“The country may have committed its original sin,” Hussman wrote, “but it was not what the founders or the colonies were intending at that time, in 1776.”
“I thought to myself, who are you going to believe: Abraham Lincoln or Nikole Hannah Jones?”
In 2020, the New York Times issued an update to an essay from The 1619 Project, changing a line to clarify that protecting the institution of slavery was a primary motivation for some, not all, colonists during the American Revolution.
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In June, Hussman told NC Policy Watch that he never pressured any UNC board members about the incoming Knight Chair’s tenure package, and that the balance of his donation was not dependent on their decision. He did not respond to requests from The 74 asking him to explain his intentions in sending the November emails.
Text messages also indicate that Hussman and Hopkins frequently spoke on the phone through the fall and winter of 2020, and the spring of 2021.
After Hussman sent the series of four email messages, the Board of Trustees, which normally rubber stamps tenure recommendations already endorsed by the faculty, twice delayed Hannah-Jones’s tenure vote, once in November and once in January. In the latter instance, the deferral was due in part to questions over the journalist’s credentials raised by trustee Duckett, according to reporting from the News & Observer. In February, the university offered Hannah-Jones a five-year contract, breaking the precedent of offering tenure packages to previous Knight Chairs.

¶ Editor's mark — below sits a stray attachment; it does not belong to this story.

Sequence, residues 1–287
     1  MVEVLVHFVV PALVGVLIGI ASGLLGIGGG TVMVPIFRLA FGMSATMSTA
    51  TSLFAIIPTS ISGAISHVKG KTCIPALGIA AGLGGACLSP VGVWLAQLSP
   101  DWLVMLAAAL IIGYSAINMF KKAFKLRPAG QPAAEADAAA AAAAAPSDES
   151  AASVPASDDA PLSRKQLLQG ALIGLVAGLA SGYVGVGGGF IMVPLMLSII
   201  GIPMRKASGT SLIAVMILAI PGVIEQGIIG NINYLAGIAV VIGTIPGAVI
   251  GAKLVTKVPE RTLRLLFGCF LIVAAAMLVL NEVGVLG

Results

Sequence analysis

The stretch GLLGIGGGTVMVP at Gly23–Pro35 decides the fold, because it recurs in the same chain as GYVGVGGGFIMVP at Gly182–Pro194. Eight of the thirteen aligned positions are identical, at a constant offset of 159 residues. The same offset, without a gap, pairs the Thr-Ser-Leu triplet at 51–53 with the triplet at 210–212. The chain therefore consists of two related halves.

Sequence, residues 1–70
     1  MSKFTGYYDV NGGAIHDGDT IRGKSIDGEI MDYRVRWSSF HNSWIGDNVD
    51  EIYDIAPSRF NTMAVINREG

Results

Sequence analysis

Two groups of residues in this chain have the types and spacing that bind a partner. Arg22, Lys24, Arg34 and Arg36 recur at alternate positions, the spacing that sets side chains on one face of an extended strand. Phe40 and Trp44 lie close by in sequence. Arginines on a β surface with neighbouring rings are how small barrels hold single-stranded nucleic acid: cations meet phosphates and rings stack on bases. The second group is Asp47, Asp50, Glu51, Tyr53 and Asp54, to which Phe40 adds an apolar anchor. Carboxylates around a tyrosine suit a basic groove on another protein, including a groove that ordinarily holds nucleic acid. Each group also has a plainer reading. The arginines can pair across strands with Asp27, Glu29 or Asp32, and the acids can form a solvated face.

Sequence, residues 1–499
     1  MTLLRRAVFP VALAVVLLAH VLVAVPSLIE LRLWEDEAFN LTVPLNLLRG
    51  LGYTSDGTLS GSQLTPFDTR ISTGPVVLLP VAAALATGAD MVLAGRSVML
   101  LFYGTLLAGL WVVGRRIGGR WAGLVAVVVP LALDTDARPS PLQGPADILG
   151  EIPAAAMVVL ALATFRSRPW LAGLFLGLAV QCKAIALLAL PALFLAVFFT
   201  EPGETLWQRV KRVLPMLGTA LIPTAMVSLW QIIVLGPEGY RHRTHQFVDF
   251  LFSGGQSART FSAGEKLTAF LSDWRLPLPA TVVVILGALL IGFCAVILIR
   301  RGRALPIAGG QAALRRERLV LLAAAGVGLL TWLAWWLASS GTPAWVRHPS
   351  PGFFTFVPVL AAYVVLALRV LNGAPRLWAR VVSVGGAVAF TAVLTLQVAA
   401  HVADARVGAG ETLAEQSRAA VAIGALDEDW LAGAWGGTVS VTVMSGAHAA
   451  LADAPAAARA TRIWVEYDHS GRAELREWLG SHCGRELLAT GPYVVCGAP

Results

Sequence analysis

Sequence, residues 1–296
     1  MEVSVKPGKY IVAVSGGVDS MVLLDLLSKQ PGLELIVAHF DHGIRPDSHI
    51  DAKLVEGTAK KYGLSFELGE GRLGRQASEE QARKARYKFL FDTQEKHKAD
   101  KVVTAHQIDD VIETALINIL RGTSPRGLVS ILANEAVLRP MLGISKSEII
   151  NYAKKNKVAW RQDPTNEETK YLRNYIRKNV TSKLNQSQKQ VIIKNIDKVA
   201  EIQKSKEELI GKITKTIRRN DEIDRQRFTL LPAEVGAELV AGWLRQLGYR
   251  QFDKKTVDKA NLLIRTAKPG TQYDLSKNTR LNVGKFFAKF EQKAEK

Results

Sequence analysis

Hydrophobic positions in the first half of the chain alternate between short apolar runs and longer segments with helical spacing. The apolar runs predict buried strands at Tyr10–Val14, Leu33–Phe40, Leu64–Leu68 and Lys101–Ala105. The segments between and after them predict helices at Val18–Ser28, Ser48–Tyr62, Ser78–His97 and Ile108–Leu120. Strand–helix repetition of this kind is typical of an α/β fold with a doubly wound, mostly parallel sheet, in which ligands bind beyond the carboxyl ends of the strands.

In late June, following widespread protests amid reports that North Carolina’s flagship university had caved to political pressure from conservatives, the university reversed course. The board approved tenure for Hannah-Jones June 30.
After initially accepting the university’s five-year offer, Hannah-Jones, a 2017 recipient of a MacArthur genius grant, reconsidered when it became clear that her tenure process had been marred by what she called “political interference.” The 1619 Project creator eventually turned down UNC’s offer, instead joining the faculty of historically BlackHoward University, alongside author and journalist Ta-Nehisi Coates.
Hannah-Jones, an alumna of UNC-Chapel Hill’s journalism school, did not respond to The 74’s requests for comment.
“I cannot imagine working at and advancing a school named for a man who lobbied against me,” Hannah-Jones wrote in an early July statement published through the NAACP Legal Defense and Educational Fund, which represented her.
Her new initiative at Howard, the Center for Journalism and Democracy, “will help produce journalists capable of accurately and urgently covering the perilous challenges of our democracy with a clarity, skepticism, rigor, and historical dexterity that is too often missing from today’s journalism,” she said.
Details on Hussman’s emails below:Submit a Letter to the Editor